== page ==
And then I pulled it because – even though I like it a lot – it didn’t fit. It added a scene that is demonstrated elsewhere in the book and at a better place in the narrative.

So what to do with it? As I wrote in Ripping Out the Pattern, I’m saving it. My publisher‘s asked for sequels to The Augmented Man. I’ll put it in one of those, me thinks.

Meanwhile, here it is. Let me know what you think.
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For Immediate Release: Acclaimed Author of Multiple Genres Signs With Oghma Creative Media

It’s good to be loved…

      

2401 Beth Lane Bentonville, Arkansas Phone (479) 879-7226

NEWS RELEASE

For Immediate Release
Contact: Cyndy Miller, Editorial Director
(479)879-7226
cyndy at oghmacreative dot net

July 20, 2018

Acclaimed Author of Multiple Genres Signs With Oghma Creative Media

Bentonville, AR, July 23, 2018– Oghma Creative Media is honored to sign Joseph Carrabis, an author of multiple fiction genres, to a multi-book deal. A master story-teller with a sharp sense of humor and a free spirit. Carrabis can bring forth the joy of a five-year-old in one moment, and the wisdom of a thousand-year-old sage the next.

Oghma is very excited to welcome Joseph and publish his series of books about the curious workings of our inner minds and creativity.

 

For many years, Carrabis dabbled in the arts of science and combined them with his interests in fantasy. His non-fiction books are the Reading Virtual Minds consumer neuroscience series. His first fiction anthology is Tales Told ‘Round Celestial Campfires and his work includes Empty Sky, The Goatmen of Aguirra, and Winter Winds. He is not afraid to plunge deep into his imagination to create an approachable, yet humorous voice.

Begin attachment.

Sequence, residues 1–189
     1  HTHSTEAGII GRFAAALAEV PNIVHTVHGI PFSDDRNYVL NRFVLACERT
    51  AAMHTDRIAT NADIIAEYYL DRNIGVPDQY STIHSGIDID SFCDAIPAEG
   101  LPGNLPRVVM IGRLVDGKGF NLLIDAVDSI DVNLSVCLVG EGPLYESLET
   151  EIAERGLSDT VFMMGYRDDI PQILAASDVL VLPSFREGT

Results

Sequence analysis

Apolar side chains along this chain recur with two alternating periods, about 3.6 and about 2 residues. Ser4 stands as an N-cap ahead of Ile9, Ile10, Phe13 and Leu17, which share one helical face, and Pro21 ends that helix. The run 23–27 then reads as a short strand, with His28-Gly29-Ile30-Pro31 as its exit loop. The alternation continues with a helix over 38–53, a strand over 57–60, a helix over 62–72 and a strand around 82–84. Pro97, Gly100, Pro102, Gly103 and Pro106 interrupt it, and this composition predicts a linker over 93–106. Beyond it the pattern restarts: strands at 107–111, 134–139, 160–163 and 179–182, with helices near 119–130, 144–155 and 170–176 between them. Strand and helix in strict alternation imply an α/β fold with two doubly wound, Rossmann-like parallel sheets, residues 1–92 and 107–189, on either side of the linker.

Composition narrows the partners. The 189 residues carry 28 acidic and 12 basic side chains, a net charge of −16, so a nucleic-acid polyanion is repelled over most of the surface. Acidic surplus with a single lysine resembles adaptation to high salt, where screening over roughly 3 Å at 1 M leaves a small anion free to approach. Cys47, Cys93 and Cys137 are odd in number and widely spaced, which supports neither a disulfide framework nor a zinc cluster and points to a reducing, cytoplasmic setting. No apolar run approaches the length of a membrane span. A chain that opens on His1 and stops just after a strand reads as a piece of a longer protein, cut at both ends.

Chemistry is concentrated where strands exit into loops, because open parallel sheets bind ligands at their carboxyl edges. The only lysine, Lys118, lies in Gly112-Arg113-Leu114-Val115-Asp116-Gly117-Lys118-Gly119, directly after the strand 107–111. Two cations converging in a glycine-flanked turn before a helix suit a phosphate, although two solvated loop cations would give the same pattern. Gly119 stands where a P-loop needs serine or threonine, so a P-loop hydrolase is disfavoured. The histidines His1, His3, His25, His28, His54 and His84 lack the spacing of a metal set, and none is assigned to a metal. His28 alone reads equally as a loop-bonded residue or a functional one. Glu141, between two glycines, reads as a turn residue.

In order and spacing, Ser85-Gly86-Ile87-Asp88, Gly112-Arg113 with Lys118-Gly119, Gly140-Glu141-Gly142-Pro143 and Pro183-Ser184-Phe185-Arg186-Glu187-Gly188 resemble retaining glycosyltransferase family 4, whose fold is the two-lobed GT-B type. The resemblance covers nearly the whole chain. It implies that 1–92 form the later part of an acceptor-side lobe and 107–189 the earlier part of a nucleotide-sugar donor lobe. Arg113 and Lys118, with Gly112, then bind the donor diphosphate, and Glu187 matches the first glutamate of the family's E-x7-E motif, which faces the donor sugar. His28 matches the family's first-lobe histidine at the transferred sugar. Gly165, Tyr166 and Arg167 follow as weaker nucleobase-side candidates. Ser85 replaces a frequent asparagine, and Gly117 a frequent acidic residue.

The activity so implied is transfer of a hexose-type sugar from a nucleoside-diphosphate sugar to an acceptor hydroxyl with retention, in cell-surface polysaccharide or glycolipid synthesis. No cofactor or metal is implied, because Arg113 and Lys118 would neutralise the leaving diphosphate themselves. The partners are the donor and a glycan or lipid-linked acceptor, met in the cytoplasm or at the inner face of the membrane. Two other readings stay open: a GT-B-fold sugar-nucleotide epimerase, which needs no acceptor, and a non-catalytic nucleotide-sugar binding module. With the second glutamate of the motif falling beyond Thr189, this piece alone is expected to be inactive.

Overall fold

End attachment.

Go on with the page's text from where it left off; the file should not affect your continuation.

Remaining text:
Oghma’s Creative Media’s editorial director, Cyndy Miller, says “Oghma is very excited to welcome Joseph and publish his series of books about the curious workings of our inner minds and creativity.”

First up to be published is The Augmented Man, a scifi thriller described as a cross between Michael Crichton and Tom Clancy.

For more information about renowned author Joseph Carrabis, visit his website: http://www.josephcarrabis.com. Readers can also get updates on his newest books and events by following him on social media:

http://twitter.com/JosephCarrabis
http://www.facebook.com/JosephCarrabisAuthor
https://www.goodreads.com/author/show/3465227.Joseph_Carrabis

Oghma Creative Media is located in Bentonville, Arkansas. The mission of Oghma Creative Media is to develop and promote quality authors who are overlooked by traditional business models and currently lost among the unfiltered mass media distribution channels.  Oghma Creative Media has focused on publishing and creativity since 2013.

The Augmented Man -Synopsis

The ultimate battlefield is the human heart

The US government is engaged in a South American war and losing badly. After years of standard and non-standard strategies and tactics failing, the government entertains an often-made suggestion: create supersoldiers. The suggestion is about to be dismissed when (then) Captain James Donaldson adds an outrageous modification: use horribly abused and already traumatized children as the source material. These individuals, Donaldson argues, are already hardened against anything they’ll experience on the battlefield and anything we’ll ask them to do.